In an ad hoc poll conducted by asking everyone around the office, it turns out that most people think of bicycles as being either road bikes or mountain bikes. This common misconception could turn many would-be cyclists off of the most wonderful sport in the world beside bowling. It’s also grossly untrue. Even among the broad umbrella of road and mountain, there’s several tiers of specialization that allow riders to pick the perfect steed for their needs.
If you haven’t yet gotten yourself a two-wheeled conveyance, or are thinking about switching up your riding style, then perhaps it’s time to consider all the options before you lay your money down.
Here’s a breakdown of each of the 22 major types of bicycle and how they are best used.
Not technically “bicycles” a trike is notable because it has three wheels, not two. Despite that distinction, some manufacturers label their three-wheeled recumbent trikes as bicycles, so it’s worth being aware of this misnomer.
Electric or E-Bikes
E-Bikes come in all makes and models, but are distinguished by their use of electricity. Some offer the option to pedal, others work like miniaturized motorbikes. An electric bicycle can also be most of the kinds below, so long as it has the addition of electric power somewhere in the mix.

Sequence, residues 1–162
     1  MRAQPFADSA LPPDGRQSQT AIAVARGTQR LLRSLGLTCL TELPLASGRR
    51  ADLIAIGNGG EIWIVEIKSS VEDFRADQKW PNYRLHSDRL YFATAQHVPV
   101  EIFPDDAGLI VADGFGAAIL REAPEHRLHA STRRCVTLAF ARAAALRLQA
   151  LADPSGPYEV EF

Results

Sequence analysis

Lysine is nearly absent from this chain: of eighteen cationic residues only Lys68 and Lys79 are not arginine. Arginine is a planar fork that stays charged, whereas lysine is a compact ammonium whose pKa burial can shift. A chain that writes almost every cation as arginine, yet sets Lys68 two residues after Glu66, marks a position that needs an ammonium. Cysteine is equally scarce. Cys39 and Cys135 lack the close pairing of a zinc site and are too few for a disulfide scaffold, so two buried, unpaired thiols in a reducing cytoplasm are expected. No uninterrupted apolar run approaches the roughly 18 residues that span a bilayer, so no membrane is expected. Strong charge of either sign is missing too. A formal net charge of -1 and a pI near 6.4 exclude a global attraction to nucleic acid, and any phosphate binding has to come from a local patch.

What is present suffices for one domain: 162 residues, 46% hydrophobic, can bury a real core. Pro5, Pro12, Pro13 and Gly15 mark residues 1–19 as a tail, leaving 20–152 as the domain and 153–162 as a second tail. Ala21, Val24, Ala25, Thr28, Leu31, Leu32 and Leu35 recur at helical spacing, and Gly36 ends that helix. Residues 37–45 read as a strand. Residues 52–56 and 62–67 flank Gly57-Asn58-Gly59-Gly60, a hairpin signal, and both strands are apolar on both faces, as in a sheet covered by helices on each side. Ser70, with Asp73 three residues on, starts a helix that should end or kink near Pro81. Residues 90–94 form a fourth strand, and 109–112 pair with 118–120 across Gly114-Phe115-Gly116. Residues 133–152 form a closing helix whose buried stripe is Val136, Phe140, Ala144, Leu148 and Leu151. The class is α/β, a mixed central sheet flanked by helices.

Generally reserved for street riding, recumbent bikes are those that allow you to lay back rather than sit upright during use. As noted above, these might have three wheels or two. The simple rule here is: If your legs are in front of your rather than underneath, you’re on a recumbent bicycle.
Built for two people, the Tandem bike allows for multiple riders. It too can bear several styles, but it’s generally a road bike, since the weight of a pair of riders makes climbing mountains difficult and doing tricks dangerous for at least one party.
A hybrid bike is anything that falls between three categories of bicycles. Originally, they were a mixture between road, touring, and mountain cycles, but these days they can be a crossover between a cargo and a fixie, or any other Frankenstein mixture you can devise.
Another simple bike to identify: If your steed folds up, you’ve got a folding bike. If it doesn’t, you don’t.
Slim and slender, a road bike refers to any bicycle made in an aerodynamic fashion. A basic road bike will hunch you over your handlebars and allow you to go faster. The tires are narrow, meant for maneuverability and paved terrain.
Touring bikes are a cross between a road bike and a cargo bike. They have sturdy frames meant for going long distances, but are also geared to handle heavy loads on the front and back. They use a longer wheelbase and lower center of gravity for greater control. Some action touring models include knobby tires for handling broken terrain and light off-roading.
Endurance bikes are a subset of road bikes that are intended for distance riding. They don’t hunch you as far forward and have a wider fork for larger tires. They’re still fairly quick, but give you a more heads-up riding style and often offer flat handlebars.
Also a part of the road bike family, racing bikes are expensive pieces built exclusively to go really fast. They’re made aggressively with sharp angles for aggressive riding both up and down hills. If speed and adrenaline is your goal, this is the way to go.